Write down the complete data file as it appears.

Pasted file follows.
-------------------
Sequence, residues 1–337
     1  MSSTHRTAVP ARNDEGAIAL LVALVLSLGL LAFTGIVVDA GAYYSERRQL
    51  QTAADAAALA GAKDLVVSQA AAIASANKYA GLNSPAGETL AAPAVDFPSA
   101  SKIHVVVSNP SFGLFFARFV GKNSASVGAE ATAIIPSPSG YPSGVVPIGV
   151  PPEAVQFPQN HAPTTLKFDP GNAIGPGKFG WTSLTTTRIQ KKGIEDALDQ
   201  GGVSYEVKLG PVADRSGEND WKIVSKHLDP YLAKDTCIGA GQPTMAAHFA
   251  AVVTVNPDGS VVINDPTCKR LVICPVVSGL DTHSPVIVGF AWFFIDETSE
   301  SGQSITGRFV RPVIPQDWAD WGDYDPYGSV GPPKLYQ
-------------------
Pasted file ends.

Sequence, residues 1–337
     1  MSSTHRTAVP ARNDEGAIAL LVALVLSLGL LAFTGIVVDA GAYYSERRQL
    51  QTAADAAALA GAKDLVVSQA AAIASANKYA GLNSPAGETL AAPAVDFPSA
   101  SKIHVVVSNP SFGLFFARFV GKNSASVGAE ATAIIPSPSG YPSGVVPIGV
   151  PPEAVQFPQN HAPTTLKFDP GNAIGPGKFG WTSLTTTRIQ KKGIEDALDQ
   201  GGVSYEVKLG PVADRSGEND WKIVSKHLDP YLAKDTCIGA GQPTMAAHFA
   251  AVVTVNPDGS VVINDPTCKR LVICPVVSGL DTHSPVIVGF AWFFIDETSE
   301  SGQSITGRFV RPVIPQDWAD WGDYDPYGSV GPPKLYQ